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The Evolution of Linguistic Diversity

Nettle, Daniel; (1996) The Evolution of Linguistic Diversity. Doctoral thesis (Ph.D), UCL (University College London). Green open access

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This thesis examines the causes and consequences of diversity in human language. It is divided into three sections, each of which addresses a different aspect of the topic. The first section uses computer simulations to examine various mechanisms which may produce diversity in language: imperfect learning, geographical isolation, selection on the basis of social affiliation, and functional selection amongst linguistic variants. It is concluded that social and functional selection by speakers provide the main motive forces for the divergence of languages. The second section examines the factors influencing the geographical distribution of languages in the world. By far the most important is the ecological regime in which people live. Seasonal climates produce large ethnolinguistic groups because people form large networks of exchange to mitigate the subsistence risk to which they are exposed. Non-seasonal, equatorial climates such as those of Papua New Guinea and Zaire produce numerous small ethnolinguistic groups, as reliable self- sufficiency is more easily achieved. The relationship between linguistic diversity and the modern economy is also investigated. Some support is found for the Fishman-Pool hypothesis which states that linguistic diversity is negatively related to economic well-being. The third section deals with diversity in linguistic structure, concentrating on the sound system. It is argued that the size of the phonological inventory and the vowel/consonant ratio are the result of trade-offs between competing articulatory and perceptual motivations. This hypothesis is supported by an analysis of word-length in twelve West African languages. It is further hypothesised that different societal contexts might favour different balances between the two motivations, with languages used over a wide area tending towards simple inventories and long words. This prediction is borne out for West Africa, though it does not seem to hold at a global level.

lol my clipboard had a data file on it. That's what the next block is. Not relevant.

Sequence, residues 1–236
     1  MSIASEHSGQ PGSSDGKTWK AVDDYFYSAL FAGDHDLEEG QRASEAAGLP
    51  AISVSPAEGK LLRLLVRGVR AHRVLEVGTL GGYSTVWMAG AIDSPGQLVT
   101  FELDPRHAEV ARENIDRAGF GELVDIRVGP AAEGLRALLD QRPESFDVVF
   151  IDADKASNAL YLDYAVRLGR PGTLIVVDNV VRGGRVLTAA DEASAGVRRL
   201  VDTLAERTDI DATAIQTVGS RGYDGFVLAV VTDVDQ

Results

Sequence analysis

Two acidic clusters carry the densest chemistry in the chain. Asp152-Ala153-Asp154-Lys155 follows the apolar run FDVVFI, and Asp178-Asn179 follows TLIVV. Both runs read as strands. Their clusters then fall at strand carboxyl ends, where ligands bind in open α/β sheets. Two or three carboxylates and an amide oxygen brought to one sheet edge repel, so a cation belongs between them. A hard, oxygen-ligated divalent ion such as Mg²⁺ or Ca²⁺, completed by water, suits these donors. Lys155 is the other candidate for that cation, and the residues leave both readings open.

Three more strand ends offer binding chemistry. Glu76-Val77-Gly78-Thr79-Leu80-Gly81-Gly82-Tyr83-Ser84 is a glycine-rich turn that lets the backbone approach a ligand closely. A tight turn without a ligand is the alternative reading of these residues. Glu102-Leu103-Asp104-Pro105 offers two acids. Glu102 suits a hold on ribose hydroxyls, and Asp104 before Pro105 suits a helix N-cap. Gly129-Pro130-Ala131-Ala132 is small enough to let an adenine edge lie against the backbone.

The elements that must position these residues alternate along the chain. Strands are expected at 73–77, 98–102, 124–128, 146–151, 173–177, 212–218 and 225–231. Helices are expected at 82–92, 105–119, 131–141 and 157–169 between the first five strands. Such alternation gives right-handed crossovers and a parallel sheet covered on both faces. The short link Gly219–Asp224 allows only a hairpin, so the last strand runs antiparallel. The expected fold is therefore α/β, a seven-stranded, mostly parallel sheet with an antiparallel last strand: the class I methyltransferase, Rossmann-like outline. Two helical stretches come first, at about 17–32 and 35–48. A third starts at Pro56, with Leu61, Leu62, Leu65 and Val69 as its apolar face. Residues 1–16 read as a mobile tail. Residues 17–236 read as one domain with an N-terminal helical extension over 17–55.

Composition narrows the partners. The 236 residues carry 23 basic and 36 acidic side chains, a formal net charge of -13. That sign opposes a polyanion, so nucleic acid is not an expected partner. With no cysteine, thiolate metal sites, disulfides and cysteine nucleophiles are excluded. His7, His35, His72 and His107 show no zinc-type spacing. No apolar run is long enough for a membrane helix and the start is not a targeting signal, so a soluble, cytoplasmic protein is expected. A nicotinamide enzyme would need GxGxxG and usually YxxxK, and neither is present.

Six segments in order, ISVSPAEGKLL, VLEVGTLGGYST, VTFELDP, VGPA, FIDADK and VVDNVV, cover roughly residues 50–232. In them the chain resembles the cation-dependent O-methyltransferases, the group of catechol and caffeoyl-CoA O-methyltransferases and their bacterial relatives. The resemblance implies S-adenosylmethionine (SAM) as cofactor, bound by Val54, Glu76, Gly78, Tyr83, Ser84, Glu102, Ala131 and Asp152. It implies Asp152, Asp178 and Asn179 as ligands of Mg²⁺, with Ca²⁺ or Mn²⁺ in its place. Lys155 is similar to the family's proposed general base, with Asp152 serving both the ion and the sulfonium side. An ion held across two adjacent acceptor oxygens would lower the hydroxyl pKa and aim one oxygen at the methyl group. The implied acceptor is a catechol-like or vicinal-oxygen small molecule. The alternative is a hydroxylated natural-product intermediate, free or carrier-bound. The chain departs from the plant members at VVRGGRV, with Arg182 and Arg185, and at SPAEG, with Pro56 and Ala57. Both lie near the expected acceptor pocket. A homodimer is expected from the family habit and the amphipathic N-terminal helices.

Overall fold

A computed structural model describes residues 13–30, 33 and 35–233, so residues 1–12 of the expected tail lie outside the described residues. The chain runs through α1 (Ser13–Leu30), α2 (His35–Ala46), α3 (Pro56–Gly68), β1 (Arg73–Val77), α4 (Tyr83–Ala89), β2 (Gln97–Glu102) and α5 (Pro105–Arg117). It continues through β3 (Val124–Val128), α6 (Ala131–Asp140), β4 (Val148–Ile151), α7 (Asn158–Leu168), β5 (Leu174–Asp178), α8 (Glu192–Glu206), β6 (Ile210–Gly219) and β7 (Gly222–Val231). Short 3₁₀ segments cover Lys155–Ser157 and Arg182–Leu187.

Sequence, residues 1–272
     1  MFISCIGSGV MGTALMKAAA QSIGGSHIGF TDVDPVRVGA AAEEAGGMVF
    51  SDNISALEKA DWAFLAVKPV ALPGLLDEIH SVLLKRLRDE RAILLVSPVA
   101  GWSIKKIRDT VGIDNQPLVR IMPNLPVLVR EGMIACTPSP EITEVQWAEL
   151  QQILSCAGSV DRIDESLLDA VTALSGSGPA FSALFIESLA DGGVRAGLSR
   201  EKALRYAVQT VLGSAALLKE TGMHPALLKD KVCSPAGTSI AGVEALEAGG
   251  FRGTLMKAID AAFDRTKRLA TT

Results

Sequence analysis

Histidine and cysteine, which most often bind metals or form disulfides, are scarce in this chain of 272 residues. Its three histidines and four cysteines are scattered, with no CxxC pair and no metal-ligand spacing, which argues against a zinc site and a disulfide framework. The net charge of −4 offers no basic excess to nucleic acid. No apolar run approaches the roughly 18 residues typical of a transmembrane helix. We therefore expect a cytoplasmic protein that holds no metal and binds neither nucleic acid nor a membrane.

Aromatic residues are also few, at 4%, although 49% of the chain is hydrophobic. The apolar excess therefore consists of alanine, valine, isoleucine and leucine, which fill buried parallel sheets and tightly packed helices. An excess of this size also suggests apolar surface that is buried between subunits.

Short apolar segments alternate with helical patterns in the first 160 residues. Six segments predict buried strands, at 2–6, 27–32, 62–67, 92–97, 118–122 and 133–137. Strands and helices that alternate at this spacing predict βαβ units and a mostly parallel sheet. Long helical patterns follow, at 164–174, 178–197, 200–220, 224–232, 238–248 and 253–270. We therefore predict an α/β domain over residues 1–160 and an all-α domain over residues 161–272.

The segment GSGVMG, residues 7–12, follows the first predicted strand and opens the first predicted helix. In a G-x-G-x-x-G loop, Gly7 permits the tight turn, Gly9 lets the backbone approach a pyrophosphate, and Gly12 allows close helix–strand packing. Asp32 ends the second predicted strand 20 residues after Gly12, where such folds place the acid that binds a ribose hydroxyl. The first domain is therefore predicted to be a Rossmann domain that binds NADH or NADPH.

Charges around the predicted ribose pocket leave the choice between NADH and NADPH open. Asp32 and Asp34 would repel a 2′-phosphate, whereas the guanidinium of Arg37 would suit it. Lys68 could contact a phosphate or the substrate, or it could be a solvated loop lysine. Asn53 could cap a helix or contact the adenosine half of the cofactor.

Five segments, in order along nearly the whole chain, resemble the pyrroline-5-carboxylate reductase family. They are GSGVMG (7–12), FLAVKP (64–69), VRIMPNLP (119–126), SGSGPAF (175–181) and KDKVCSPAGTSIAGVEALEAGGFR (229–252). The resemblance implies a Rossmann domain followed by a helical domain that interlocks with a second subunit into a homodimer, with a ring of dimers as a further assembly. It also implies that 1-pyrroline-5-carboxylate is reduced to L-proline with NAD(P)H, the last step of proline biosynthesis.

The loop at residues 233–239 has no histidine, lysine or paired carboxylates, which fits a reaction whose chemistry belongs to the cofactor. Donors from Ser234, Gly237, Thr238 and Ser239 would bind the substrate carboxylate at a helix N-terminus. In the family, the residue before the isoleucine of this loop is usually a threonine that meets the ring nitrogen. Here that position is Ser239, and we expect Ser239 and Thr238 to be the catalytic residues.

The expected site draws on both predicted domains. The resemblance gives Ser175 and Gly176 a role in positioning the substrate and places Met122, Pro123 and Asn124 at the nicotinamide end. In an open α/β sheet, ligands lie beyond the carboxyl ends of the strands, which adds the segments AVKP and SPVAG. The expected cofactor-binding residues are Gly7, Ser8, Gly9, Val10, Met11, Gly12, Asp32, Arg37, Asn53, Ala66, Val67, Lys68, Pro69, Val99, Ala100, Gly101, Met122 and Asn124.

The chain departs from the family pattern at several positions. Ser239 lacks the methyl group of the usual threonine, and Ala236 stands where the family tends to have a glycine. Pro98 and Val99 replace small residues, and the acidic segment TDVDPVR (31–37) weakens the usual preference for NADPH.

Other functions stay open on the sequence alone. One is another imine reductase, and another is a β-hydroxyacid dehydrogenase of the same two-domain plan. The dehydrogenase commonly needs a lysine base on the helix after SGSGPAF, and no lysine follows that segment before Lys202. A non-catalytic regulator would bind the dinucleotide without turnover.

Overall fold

Type: Thesis (Doctoral)
Qualification: Ph.D
Title: The Evolution of Linguistic Diversity
Open access status: An open access version is available from UCL Discovery
Language: English
Additional information: Thesis digitised by ProQuest.
Keywords: Language, literature and linguistics; Language diversity
URI: https://discovery.ucl.ac.uk/id/eprint/10104929
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